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The gambling of big player signings, is it worth the risk?

Cynics often say that there are three things important in modern football: money, money and money. While this a clear overstatement, there is something to it. In order to succeed on a national and, even more so, European level you need loads of dough. Most successful clubs of this day and age have a steady source of income, either a rich owner, or millions of fans willing to buy a shirt and watch their team, or often both. But it’s not just about having money, it’s how you use them that’s more important. And here we come to transfer policy, one of the most important issues for clubs these days.

There are no rules
How much is too much for one transfer? How old should be the players that you buy? Is it better to buy young players that you’ll later develop, or players who are already stars? These are just few of the questions that managers, owners and transfer committees of clubs all over Europe and the whole world ask themselves and discuss on their meetings. Clubs which are well-off financially don’t have to think twice, despite UEFA’s new financial fair play. But even clubs who are not as wealthy, often spend a huge proportion of their transfer budget on one player. This can be an exceptional move that can guarantee more than one good season and even a return of the investment with some additional profit, but it can also ruin the club’s chances and cause disaster. There are some parameters and criteria that managers take into consideration, but ultimately no one can say with a degree of certainty whether a player is going to be a flop or a success. It is a gamble really and if you’re a fan of it, you might want to take a look at all these websites mentioned on

Some of the biggest flops
There has been many examples that buying an expensive player is not worth the risk, as some of the players for whom astonishing prices were paid turned out to be flops. We all remember when Liverpool paid £20M for Stewart Downing in 2011. Downing didn’t score a single goal and he didn’t have a single assist in the first year of his arrival. Real Madrid paid an even greater sum for Kaka, £56M to AC Milan, only to have him return to the Italian club after not achieving what was expected of him. Liverpool had another pretty terrible transfer these past years, when they paid £35M for Andy Carroll. Just for a comparison, Robin Van Persie and Eden Hazard were cheaper than him. Real also have a vast record of transfer flops. They paid £23M for Frenchman Nicolas Anelka, only to have him leave a year later. Chelsea ‘wasted’ a serious amount of money on Liverpool’s prolific striker Fernando Torres. The London Blues paid £50M for the Spaniard who scored only 20 goals in 3 seasons and was in the end sold to Atletico Madrid.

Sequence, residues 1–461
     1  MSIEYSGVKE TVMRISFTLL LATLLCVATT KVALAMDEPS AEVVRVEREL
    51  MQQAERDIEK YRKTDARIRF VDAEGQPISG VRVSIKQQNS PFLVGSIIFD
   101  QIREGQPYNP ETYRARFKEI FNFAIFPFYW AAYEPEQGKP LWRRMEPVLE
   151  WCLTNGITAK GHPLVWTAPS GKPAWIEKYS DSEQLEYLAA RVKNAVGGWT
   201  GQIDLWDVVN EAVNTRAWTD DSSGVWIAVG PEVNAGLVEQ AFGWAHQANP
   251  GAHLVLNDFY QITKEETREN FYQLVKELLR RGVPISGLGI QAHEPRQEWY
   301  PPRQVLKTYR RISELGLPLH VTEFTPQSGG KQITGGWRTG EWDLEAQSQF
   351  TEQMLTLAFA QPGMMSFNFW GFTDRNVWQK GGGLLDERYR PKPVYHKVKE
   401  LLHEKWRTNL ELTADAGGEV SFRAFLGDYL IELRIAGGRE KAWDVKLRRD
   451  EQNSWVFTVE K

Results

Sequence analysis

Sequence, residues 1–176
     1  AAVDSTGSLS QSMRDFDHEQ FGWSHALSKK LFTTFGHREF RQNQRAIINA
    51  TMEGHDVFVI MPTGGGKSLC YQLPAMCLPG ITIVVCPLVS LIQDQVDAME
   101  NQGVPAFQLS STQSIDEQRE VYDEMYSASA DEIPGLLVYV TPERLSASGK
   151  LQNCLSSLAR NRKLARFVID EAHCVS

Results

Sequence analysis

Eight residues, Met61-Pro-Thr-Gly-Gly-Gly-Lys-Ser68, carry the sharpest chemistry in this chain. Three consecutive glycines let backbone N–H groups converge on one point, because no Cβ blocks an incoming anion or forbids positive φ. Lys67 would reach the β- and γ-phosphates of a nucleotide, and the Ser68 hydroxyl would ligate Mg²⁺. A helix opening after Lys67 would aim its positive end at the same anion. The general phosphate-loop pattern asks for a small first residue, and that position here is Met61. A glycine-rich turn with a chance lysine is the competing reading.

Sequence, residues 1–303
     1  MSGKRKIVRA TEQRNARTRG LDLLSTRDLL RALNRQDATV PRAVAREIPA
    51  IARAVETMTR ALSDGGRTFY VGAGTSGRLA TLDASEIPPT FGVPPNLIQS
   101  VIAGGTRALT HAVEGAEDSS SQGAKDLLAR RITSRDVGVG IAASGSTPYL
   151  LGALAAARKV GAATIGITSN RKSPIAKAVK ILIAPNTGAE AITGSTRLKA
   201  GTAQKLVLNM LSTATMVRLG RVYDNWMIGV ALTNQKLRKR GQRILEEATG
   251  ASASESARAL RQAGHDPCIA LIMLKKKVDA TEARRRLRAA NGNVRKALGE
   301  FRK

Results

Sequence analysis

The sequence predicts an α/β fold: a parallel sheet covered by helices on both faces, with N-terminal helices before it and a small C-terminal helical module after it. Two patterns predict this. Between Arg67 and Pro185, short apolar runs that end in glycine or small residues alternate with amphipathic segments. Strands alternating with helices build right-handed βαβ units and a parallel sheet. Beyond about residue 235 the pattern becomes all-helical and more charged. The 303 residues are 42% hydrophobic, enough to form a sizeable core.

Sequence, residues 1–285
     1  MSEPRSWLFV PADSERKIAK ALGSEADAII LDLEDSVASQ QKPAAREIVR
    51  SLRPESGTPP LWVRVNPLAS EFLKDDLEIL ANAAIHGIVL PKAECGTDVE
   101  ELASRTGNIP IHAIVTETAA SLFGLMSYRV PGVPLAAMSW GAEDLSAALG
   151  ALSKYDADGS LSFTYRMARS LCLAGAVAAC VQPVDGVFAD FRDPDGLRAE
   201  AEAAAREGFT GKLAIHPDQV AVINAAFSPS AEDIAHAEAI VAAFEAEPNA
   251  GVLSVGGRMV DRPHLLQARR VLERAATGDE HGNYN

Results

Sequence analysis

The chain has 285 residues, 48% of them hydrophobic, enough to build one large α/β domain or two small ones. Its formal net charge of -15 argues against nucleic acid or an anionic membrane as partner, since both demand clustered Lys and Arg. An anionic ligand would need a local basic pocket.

Successful transfers
Of course there are many examples of players who were worth every penny. Eric Cantona was sold to Manchester United for the amount of mere £1.2M and became one of the most important players in the history of the club. Arsenal paid £10.5M to Juventus for Thierry Henry, which wasn’t a small sum in 1999, but the player led them to two Premier League titles and 3 FA Cups. Arsenal had a lot of luck with another Frenchman, Nicolas Anelka, who was acquired from PSG for the small amount of £500,000. Cristiano Ronaldo was bought by Real Madrid for the amount of £80M, which many thought was too much. But the player led his new club to their 10th title in the Champions League and has so far scored 233 goals in 211 appearances. As you can see, taking a risk can be quite profitable. Those of you who are risk-takers, or even if they’re in just for the fun, can click here for the review and see how you can enjoy top-notch NetEnt casino games.

Measures of precaution should be taken
All in all, it’s hard to reach a definitive conclusion, whether or not big player signings are worth the risk. It all depends on the history of the player, and perhaps more importantly on the financial stability of the club which is buying him. If the club is rich and a transfer would not be a great burden on their budget, they can afford to risk it. Otherwise, their owner, manager and transfer committee if they have one, should really think each transfer through, especially if it may cause financial trouble.

Article title: The gambling of big player signings, is it worth the risk?

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